Airline service in the United States is teetering on the brink of collapse, with near-empty planes and coronavirus outbreaks that have left some air traffic control towers empty.
Even with sharply reduced schedules, airlines are consolidating some of the remaining flights because passengers aren’t showing up.
An official of one major U.S. airline, who asked that they and their airline not be identified, ticked off more than a dozen flights that departed on Tuesday morning with fewer than 10 passengers on board. In a few cases, the passengers were outnumbered by pilots and flight attendants.
“There are no passengers,” said the official, noting that the average flight was just over 20% full and that figure is expected to drop into the teens by the weekend.
On Monday, the Transportation Security Administration said it screened 331,000 people at airport checkpoints. That was an 86% drop from the corresponding Monday a year ago, when officers screened more than 2.4 million people.
Major airlines are drafting plans in case they must shut down domestic flights because of a lack of air traffic controllers or airport screeners.
“We have plans in place in case that happens,” the airline official said. “It’s a dire situation.”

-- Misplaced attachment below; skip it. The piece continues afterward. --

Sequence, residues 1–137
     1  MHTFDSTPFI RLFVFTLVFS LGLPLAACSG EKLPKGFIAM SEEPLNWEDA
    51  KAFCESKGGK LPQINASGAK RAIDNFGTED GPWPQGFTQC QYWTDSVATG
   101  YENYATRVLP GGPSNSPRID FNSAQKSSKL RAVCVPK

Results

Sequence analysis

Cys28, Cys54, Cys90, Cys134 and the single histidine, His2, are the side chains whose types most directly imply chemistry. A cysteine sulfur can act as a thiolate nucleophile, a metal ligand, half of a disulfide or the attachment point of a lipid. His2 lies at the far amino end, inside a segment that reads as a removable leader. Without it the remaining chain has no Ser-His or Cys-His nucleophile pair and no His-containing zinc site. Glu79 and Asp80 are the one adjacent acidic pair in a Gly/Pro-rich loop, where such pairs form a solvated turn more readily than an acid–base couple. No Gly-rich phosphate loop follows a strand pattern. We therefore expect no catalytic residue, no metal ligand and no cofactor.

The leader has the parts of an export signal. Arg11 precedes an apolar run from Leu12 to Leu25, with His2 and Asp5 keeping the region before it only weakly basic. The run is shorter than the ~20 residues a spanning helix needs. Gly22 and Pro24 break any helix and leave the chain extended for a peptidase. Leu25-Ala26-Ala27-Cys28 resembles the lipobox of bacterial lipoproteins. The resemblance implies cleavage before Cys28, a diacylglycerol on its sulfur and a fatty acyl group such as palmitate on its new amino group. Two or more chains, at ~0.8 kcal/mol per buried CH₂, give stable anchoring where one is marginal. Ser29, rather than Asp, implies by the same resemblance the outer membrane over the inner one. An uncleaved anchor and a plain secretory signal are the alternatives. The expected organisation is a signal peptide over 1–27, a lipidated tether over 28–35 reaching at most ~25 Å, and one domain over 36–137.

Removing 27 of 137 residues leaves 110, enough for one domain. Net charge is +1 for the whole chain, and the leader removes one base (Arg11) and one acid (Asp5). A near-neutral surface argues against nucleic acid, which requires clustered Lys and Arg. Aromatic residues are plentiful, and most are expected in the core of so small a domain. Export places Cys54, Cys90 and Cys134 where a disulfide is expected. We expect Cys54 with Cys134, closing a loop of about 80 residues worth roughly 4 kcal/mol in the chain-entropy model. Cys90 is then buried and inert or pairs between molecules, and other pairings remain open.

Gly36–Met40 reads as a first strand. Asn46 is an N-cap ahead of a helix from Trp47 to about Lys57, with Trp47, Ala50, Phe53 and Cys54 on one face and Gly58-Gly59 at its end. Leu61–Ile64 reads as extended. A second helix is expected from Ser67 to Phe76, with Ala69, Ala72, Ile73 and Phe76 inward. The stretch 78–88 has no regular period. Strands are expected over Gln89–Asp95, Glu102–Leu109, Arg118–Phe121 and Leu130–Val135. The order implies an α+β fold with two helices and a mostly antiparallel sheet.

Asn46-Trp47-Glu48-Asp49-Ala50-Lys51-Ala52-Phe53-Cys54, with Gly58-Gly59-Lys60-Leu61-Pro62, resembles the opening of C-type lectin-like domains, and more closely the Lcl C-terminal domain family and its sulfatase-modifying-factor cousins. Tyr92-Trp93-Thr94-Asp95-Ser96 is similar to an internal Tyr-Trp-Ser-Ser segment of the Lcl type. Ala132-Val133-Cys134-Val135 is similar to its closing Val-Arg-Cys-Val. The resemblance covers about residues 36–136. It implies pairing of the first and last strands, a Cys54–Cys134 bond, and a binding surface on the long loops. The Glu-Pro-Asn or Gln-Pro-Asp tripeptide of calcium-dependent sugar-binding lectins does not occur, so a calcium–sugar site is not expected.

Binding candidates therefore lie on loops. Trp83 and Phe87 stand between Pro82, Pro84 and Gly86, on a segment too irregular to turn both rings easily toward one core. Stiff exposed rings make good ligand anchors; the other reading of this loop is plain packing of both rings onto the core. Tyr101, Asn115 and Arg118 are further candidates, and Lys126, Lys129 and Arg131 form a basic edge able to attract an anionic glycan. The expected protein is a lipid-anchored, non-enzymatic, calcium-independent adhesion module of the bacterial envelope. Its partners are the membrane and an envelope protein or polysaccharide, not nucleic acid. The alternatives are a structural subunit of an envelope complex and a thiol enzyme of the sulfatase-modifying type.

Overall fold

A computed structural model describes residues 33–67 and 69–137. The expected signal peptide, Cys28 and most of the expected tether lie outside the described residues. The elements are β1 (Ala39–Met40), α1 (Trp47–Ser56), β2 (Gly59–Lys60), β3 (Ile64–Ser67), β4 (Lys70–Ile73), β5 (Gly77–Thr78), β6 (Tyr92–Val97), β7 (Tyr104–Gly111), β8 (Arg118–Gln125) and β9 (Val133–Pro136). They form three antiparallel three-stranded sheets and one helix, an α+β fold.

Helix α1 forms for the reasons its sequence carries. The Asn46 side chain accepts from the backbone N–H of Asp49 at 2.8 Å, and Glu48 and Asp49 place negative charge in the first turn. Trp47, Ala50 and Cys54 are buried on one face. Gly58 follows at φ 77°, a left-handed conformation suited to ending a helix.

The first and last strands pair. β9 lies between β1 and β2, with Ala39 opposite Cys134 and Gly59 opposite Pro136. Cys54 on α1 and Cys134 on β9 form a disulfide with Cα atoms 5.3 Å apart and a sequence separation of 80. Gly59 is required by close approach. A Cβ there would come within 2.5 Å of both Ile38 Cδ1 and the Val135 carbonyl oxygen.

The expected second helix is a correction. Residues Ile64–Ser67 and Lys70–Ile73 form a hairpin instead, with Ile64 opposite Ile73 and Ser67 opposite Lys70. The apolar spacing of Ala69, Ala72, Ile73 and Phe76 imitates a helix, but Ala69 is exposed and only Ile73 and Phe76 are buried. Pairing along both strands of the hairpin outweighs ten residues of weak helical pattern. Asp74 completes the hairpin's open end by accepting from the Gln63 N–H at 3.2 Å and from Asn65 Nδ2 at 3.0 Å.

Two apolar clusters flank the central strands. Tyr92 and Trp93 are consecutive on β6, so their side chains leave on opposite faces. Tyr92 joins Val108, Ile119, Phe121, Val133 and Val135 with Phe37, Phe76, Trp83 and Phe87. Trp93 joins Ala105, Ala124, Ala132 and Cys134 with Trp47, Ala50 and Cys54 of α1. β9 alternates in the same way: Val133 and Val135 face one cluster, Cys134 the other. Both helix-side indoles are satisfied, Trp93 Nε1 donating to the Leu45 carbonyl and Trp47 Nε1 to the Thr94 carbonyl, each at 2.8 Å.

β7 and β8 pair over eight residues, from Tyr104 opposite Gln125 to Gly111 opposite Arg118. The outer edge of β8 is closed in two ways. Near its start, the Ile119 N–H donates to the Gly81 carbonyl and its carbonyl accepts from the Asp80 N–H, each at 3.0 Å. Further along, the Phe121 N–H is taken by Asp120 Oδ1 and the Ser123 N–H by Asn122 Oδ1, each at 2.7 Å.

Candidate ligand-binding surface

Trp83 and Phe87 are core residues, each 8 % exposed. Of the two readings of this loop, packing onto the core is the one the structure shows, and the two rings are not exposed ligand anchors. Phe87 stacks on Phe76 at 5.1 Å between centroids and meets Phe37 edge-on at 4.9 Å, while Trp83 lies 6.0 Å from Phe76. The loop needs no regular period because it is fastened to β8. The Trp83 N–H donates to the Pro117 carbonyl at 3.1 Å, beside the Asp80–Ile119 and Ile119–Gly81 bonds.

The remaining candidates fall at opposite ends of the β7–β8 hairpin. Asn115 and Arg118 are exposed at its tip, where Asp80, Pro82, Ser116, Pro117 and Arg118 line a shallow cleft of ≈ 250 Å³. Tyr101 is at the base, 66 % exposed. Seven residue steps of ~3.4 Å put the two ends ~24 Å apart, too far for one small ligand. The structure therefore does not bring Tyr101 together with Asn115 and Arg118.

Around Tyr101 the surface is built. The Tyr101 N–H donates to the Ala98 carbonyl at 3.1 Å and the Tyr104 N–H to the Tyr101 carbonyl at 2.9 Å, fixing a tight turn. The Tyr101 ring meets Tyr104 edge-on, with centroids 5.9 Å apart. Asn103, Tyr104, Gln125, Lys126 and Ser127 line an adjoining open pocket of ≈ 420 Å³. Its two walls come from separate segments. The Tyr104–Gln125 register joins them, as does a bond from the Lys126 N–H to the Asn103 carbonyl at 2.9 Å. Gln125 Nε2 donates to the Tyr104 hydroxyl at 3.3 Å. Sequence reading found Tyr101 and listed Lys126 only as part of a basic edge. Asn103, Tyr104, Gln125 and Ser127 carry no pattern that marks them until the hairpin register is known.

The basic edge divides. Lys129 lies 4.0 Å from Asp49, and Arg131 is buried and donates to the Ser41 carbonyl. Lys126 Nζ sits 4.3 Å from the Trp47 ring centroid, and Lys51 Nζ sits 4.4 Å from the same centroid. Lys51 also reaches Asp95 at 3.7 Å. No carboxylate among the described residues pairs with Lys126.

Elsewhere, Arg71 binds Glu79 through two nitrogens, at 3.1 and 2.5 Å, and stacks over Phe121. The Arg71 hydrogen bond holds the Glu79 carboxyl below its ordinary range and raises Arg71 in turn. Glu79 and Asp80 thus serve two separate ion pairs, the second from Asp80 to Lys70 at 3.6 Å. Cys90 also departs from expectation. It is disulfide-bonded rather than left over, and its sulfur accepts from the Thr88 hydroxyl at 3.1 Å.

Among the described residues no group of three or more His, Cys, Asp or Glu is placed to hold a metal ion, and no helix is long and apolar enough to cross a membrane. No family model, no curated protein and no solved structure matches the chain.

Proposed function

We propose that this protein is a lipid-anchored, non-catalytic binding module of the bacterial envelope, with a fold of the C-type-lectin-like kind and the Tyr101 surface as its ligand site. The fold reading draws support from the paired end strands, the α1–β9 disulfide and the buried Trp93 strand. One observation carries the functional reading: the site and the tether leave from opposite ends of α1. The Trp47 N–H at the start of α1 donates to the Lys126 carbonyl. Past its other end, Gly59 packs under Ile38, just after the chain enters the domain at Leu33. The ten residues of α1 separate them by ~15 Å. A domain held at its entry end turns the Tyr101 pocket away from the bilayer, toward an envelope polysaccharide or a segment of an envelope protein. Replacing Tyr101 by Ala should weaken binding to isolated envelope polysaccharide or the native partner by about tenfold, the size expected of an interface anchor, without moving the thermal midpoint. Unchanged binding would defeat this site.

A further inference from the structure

An official at another major carrier called it “prudent contingency planning” given that health experts advise against gathering of more than 10 people.
“We do not have plans to voluntarily ground, (but) we’re wary of government actions ... that could force us to ground the airline,” such as the Federal Aviation Administration closing control towers or airspace or governors ordering that airports be shut down, said the person, who like others spoke on condition of anonymity to discuss planning that has not been made public.
The Wall Street Journal reported that government agencies were considering ordering a shutdown of virtually all passenger flights within the U.S. The newspaper said President Donald Trump and his advisers are reluctant to order a shutdown partly because passenger planes also carry U.S. mail and vital cargo.